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User Level: Beginner I've always assumed that ifup and ifdown were conditional commands that performed their assigned duties only if the interface device in question was up or down, as the command might be. I was dead wrong. I blame my mistake on being a programmer, rather than being stupid, but it's simply too close to call.
Novell will ship SUSE Linux with a pre-configured kernel for use with Virtual Iron virtualization software to let users rapidly deploy and configure enterprise-class computing workloads.
New real-time Linux enhancements open a whole new world of possibilities for Linux, ranging across the latest 3G technologies and as near as the mobile handset in your pocket. The purpose of modifying the Linux kernel with real-time functionality: to dramatically reduce interrupt and task preemption latency, thus enabling the 2.6 kernel for use in high-performance multimedia applications and those requiring extremely fast, task level reliable control functions. Real-time Linux has come a long way — where is it now and where is it heading?
A patent lasting 20 years makes sense for some inventions, but for those in the fields of software and technology, a four-year term is often more appropriate. This is part of a new 'limited patent' proposal set out by a computing professor this month.
An article by Lee Hollaar, a Professor with the School of Computing at the University of Utah, Salt Lake City, appeared in this month’s IEEE (Institute of Electrical and Electronics Engineers) Spectrum magazine and complements an 11-page paper he wrote on patent reform last October
Three virtualization software companies take diffrents tacks to leap ahead of the competition. Which approach will work?
During the American Revolution, Patrick Henry said, "Give me liberty or give me death." In midst of its own revolution, the open-source software community might say something along the lines of, "Give me innovation or give me death."
The software developers and users who make up the open-source software community have waged a war of words against software patents. Their main argument is that software shouldn't be patented because it stifles innovation.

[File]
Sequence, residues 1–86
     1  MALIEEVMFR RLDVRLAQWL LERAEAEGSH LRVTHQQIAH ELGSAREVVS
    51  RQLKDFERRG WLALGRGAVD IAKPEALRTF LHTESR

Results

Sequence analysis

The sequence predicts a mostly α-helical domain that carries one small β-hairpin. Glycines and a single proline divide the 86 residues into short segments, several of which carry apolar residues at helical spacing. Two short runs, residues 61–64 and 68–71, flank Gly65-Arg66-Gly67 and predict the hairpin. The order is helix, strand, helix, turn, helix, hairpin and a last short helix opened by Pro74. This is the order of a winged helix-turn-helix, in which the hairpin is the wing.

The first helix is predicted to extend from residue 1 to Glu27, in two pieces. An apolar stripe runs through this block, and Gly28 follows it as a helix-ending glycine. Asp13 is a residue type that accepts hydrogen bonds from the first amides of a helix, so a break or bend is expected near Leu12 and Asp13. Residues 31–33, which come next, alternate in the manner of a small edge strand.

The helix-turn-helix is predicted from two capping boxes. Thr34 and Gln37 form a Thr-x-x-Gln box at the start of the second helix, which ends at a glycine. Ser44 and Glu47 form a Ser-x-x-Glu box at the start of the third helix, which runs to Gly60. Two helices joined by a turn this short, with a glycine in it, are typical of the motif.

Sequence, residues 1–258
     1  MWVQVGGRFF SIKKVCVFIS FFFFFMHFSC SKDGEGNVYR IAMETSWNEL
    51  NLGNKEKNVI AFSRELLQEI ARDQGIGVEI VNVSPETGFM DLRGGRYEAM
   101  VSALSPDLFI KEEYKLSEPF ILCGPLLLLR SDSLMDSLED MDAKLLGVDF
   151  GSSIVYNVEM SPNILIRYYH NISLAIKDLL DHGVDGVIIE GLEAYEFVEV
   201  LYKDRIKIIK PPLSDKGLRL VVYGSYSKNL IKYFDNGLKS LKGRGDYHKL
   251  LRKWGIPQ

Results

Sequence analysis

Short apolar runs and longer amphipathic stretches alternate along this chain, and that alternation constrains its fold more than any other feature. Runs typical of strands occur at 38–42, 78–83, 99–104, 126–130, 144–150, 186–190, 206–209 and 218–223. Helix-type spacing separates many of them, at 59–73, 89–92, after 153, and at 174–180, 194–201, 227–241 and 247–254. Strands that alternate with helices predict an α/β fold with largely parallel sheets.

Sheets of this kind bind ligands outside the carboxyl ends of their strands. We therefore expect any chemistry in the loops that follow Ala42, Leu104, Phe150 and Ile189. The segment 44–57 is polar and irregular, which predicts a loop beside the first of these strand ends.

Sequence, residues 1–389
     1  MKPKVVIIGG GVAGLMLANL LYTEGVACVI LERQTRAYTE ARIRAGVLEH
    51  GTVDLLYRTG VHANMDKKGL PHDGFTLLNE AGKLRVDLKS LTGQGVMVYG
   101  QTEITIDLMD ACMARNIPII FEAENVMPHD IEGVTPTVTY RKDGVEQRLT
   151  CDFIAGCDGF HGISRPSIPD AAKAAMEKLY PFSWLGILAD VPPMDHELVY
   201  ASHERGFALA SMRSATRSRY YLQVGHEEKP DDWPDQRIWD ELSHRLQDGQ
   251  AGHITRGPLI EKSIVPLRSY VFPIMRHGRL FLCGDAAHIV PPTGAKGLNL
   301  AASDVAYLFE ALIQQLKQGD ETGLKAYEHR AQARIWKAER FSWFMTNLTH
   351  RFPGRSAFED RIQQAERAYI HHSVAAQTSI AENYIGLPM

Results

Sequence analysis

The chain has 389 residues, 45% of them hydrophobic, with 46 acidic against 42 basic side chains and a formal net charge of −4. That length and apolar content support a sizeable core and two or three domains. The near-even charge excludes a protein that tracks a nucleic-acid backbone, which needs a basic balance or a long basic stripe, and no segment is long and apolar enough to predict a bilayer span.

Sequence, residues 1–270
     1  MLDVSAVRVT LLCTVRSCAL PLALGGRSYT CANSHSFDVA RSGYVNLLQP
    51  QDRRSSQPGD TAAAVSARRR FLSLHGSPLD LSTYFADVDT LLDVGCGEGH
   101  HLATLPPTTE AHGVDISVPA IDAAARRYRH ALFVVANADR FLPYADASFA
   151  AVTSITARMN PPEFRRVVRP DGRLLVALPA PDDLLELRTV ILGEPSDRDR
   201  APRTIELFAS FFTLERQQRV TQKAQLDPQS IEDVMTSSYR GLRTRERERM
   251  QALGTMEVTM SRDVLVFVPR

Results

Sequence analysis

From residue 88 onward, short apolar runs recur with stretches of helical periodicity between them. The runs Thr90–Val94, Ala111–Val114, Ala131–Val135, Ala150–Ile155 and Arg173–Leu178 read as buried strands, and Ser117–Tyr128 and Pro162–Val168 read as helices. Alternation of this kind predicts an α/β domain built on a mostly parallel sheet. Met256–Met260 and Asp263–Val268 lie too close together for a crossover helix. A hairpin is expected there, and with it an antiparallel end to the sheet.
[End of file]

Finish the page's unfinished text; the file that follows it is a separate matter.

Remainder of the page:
Novell Inc. will begin shipping the server version of its SUSE Linux operating system with the option to install virtualization technology from Virtual Iron Software Inc., the two companies announced today.
My days of trying and writing reviews for every Linux distribution have slowed. I'm currently using Ubuntu 5.10 and I'm fairly happy with it. Spending most of my days as editor-in-chief of a popular news site, writing a system administrative book under contract and keeping up with a free lance writing career doesn't give me much time to play these days.
I kept waiting for the upgrades to two packages I use the most as a writer and they haven't made it into the repositories. So, I went looking. I discovered that neither Ubuntu or Debian have what I needed. So, I did what Linux guys do, I found people who did it themselves. On Digg.com
[Editor: This is a great article and one that should smoke. Except for the gentler tone, Greenmeier and McDougall muckracked the analysts at Gartner, Forrester, IDC and the Yankee Group. Finally, you say.
I particularly liked this quote:
Money changes hands, and the vendor that commissions a report often reviews it before general distribution. Microsoft's "Get The Facts" marketing campaign has made liberal use of sponsored research to tout the benefits of Windows over Linux. Such reports aren't always clearly marked as having a vendor's backing. A 47-page white paper by Security Innovation, published in November, mentions that it was funded by Microsoft at the bottom of page 6.
- Tom Adelstein]
You go guys!
More than 30 international and regional speakers will be addressing a wide array of e-government issues at the inaugural Government Technology Middle East Conference & Exhibition (Govtec), being held in Bahrain from February 13 to 15.